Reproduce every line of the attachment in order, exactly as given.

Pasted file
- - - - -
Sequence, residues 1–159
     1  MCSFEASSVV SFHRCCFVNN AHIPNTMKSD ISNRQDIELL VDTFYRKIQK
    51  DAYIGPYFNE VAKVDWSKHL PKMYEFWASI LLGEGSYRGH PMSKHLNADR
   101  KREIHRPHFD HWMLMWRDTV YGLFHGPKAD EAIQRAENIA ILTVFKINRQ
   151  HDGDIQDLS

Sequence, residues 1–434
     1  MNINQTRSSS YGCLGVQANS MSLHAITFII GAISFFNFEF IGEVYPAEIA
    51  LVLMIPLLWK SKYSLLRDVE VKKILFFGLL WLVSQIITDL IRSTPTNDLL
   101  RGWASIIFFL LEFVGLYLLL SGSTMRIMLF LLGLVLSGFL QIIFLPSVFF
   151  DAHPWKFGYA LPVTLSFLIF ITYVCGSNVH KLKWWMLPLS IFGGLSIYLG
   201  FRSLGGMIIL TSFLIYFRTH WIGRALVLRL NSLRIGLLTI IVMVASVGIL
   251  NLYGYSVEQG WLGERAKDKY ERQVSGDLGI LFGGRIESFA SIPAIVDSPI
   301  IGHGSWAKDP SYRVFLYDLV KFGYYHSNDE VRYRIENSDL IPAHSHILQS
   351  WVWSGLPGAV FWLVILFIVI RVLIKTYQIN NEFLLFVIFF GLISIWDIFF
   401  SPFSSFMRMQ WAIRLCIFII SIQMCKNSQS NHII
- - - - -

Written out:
Sequence, residues 1–159
     1  MCSFEASSVV SFHRCCFVNN AHIPNTMKSD ISNRQDIELL VDTFYRKIQK
    51  DAYIGPYFNE VAKVDWSKHL PKMYEFWASI LLGEGSYRGH PMSKHLNADR
   101  KREIHRPHFD HWMLMWRDTV YGLFHGPKAD EAIQRAENIA ILTVFKINRQ
   151  HDGDIQDLS

Sequence, residues 1–434
     1  MNINQTRSSS YGCLGVQANS MSLHAITFII GAISFFNFEF IGEVYPAEIA
    51  LVLMIPLLWK SKYSLLRDVE VKKILFFGLL WLVSQIITDL IRSTPTNDLL
   101  RGWASIIFFL LEFVGLYLLL SGSTMRIMLF LLGLVLSGFL QIIFLPSVFF
   151  DAHPWKFGYA LPVTLSFLIF ITYVCGSNVH KLKWWMLPLS IFGGLSIYLG
   201  FRSLGGMIIL TSFLIYFRTH WIGRALVLRL NSLRIGLLTI IVMVASVGIL
   251  NLYGYSVEQG WLGERAKDKY ERQVSGDLGI LFGGRIESFA SIPAIVDSPI
   301  IGHGSWAKDP SYRVFLYDLV KFGYYHSNDE VRYRIENSDL IPAHSHILQS
   351  WVWSGLPGAV FWLVILFIVI RVLIKTYQIN NEFLLFVIFF GLISIWDIFF
   401  SPFSSFMRMQ WAIRLCIFII SIQMCKNSQS NHII